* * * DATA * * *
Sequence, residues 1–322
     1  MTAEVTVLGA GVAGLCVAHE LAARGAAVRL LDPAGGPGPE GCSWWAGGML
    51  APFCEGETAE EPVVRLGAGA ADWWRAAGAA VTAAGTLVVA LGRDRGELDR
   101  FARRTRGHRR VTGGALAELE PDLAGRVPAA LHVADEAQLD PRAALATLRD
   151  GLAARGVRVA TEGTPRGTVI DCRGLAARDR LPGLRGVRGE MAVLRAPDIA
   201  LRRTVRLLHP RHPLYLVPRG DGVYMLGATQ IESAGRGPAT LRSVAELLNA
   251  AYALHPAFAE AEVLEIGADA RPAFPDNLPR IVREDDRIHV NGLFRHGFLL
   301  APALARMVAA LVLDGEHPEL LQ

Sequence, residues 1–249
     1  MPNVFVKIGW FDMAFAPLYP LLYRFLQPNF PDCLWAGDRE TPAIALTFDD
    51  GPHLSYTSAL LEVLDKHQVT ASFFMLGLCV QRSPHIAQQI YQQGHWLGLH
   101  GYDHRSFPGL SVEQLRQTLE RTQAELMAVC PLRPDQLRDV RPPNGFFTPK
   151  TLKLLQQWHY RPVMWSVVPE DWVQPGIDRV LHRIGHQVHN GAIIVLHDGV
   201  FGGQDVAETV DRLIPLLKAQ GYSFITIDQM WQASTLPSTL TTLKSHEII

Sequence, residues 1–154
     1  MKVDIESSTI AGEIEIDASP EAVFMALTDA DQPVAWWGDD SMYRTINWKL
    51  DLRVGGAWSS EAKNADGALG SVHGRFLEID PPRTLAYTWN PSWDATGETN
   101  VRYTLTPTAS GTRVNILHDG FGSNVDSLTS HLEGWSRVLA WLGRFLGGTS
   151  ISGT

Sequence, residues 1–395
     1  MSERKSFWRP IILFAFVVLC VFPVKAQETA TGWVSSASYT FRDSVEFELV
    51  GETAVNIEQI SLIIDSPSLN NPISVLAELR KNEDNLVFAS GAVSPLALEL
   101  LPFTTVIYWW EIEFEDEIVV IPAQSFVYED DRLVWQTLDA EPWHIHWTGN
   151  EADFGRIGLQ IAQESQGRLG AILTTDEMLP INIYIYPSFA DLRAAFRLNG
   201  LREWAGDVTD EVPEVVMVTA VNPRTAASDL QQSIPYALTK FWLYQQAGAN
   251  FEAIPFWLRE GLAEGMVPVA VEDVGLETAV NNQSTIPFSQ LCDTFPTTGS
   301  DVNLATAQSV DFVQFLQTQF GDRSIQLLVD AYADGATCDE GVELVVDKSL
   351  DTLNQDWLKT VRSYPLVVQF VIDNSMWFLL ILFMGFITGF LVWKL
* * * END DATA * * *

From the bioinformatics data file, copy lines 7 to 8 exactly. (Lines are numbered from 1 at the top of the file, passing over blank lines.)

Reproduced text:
   251  AYALHPAFAE AEVLEIGADA RPAFPDNLPR IVREDDRIHV NGLFRHGFLL
   301  APALARMVAA LVLDGEHPEL LQ